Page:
Originally published in the Orlando Sentinel on February 28, 2023.
February marks Black History Month, a time to celebrate the resilience, strength, and
achievements of the Black community. This February also serves as a precursor for Florida’s
upcoming legislative session. While the session officially begins on March 7, we are in the midst
of a series of interim committee weeks leading up to the official start.
The intersectionality of Black History Month and the upcoming session begs the question: how
can one comfortably celebrate Black history and discuss furthering civil rights when the state of
Florida continues to impose “anti-woke” pieces of legislation and our teachers are afraid to
teach the horrors of slavery and Jim Crow?
“Anti-woke” bills and continued rhetoric spewing from leaders within Florida’s Capitol chastising
diversity, equity, and inclusion are proving to be dangerous. These actions undermine the
progress that has been made towards creating a more just society, and actually prevent much
of the training our own military has used for more than 70 years.
America’s military was one of the first institutions in the 1940s to try to integrate and give African
Americans equal opportunities. Our armed forces worked hard to teach soldiers of different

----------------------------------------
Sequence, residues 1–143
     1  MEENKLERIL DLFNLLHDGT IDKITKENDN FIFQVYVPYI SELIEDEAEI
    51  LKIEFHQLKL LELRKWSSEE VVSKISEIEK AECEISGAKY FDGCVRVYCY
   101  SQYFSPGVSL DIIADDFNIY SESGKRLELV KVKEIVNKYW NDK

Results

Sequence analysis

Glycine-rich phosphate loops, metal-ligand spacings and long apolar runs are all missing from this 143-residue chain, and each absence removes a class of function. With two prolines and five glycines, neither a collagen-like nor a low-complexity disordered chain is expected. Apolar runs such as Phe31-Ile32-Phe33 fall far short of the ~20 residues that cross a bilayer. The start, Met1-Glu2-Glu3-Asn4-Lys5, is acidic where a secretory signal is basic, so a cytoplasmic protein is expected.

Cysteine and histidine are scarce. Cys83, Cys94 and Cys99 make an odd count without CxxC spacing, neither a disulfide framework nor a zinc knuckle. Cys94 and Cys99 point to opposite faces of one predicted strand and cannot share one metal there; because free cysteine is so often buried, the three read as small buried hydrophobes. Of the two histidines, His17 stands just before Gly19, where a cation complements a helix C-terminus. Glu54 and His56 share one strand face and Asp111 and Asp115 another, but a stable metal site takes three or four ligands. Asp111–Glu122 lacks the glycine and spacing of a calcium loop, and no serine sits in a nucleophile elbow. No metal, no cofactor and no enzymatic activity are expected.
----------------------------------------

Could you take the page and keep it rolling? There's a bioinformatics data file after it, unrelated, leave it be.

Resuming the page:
races how to get along. They taught the history of African Americans so that the white soldiers
would respect and accept their darker-hued peers. Learning the history of another community
diminishes prejudice and people work together more constructively.
Still to this day, branches of the military and the Department of Defense honor several
observation periods throughout the year (i.e. Native American Month, Hispanic Heritage Month,
Asian American And Pacific Islander Month, and Women’s History Month). During these
periods, distinguished speakers are often brought in to give presentations highlighting how
different communities were harmed by state-imposed limitations and how our nation learned to
provide opportunities across the board. These programs, frequently dubbed by the Department
of Defense as diversity, equity, and inclusion education programs, are well-used and liked by
members of our armed forces.
Florida should look at our armed forces and the efforts of other nations like Germany and South
Africa to confront their difficult pasts, as these nations openly share their difficult pasts as a way
to move forward and reconcile. Not shut the mouths of educators, bar courses, and ban books.
Sharing historical information about the wrongs of a nation is the way that mutual respect and
understanding of problems caused by structural inequities is developed. It is concerning that the
State of Florida seems to blatantly ignore our military’s well-established diversity training efforts
and instead send mixed messages. For example, the Governor is sponsoring a Black History
Month Student and Educator Contest this year but is simultaneously shutting down anything and
everything that even resembles the dimensions of diversity, equity and inclusion in our schools
Let’s be clear: our system of government is not intended to reflect one viewpoint, but rather to
find common ground and represent a plurality of views. An educated citizenry is needed for a
strong democracy. A strong democracy marks a touchstone of a truly strong nation.